Identifying the Worse-Version Brew

We’ve heard it a million times. Many of us have proudly said it ourselves. Modern’s a wide-open format. Wide-open! In other words, players can sleeve up whatever they want and hope to have a chance. Well, not exactly. Players can’t really sleeve up, say, Vampire Nighthawk. Like all formats, Modern follows a set of rules; creatures need to pass a playability benchmark to see play, and many archetypes already have their exemplars. There’s currently little reason to play something like Esper Control with the vastly superior Jeskai deck available.

guile art crop

Despite these barriers, new cards and strategies break into Modern fairly regularly. Sheridan’s article from this week explores how novel technology often takes the shape of precise, eyebrow-raising tweaks to known quantities, or of format staples reapplied in fresh contexts. My article today sizes up some of the bolder innovative strokes Modern has witnessed in the last month, ultimately aiming to explain why we don’t see such strategies surface frequently: usually, these decks are worse versions of existing decks. Understanding why is one of the keys to brewing successfully in Modern.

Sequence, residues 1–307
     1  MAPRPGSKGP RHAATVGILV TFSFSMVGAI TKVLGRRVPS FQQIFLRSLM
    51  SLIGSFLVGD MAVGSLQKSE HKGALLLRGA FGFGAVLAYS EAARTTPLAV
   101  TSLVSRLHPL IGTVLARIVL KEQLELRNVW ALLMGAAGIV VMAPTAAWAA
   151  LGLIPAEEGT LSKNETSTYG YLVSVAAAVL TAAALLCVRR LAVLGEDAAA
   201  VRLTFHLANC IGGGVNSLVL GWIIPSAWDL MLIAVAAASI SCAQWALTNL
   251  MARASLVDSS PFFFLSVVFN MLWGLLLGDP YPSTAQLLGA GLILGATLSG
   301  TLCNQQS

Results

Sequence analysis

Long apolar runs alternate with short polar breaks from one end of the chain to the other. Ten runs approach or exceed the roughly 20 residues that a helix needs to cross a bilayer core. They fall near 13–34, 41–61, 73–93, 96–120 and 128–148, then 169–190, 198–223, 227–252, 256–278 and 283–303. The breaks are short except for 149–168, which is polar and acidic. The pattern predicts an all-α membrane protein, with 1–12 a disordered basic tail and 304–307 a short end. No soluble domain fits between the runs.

Temur Pili-Pala

Of the three decks in the article, McMartin-Rosenquist’s Temur Pili-Pala seems the most viable. Not coincidentally, it also has the most impressive finish to its name. McMartin-Rosenquist also enjoyed a decent run with his brew at GP LA itself, going 6-2-1 on Day 1.

Temur Pili-Pala, by Lars McMartin-Rosenquist (1st, GPT)

Creatures (17)
Grand Architect
Pili-Pala
Snapcaster Mage
Tarmogoyf
Scavenging Ooze

Artifacts (4)
Aether Vial

Instants (14)
Whispers of the Muse
Lightning Bolt
Remand
Cryptic Command

Sorceries (4)
Serum Visions

Lands (21)
Kessig Wolf Run
Misty Rainforest
Scalding Tarn
Wooded Foothills
Steam Vents
Stomping Ground
Breeding Pool
Island
Forest
Mountain
Sideboard (15)
Ancient Grudge
Blood Moon
Crumble to Dust
Dismember
Dispel
Electrolyze
Flame Slash
Glen Elendra Archmage
Island
Izzet Staticaster
Negate
Pia and Kiran Nalaar
Scavenging Ooze
Stormbreath Dragon
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Gameplan

Temur Pili-Pala is a midrange deck with a built-in combo. The list reads like a mashup of Temur Twin and Eternal Command. Full sets of Snapcaster Mage, Tarmogoyf, Remand, and Lightning Bolt make this deck highly interactive. Untapping with Grand Architect and Pili-Pala gives the deck’s pilot infinite mana, best spent here on an infinite number of Whispers of the Muse and then on every spell in the deck. Of those, the Bolts probably close out most games.

Shortcomings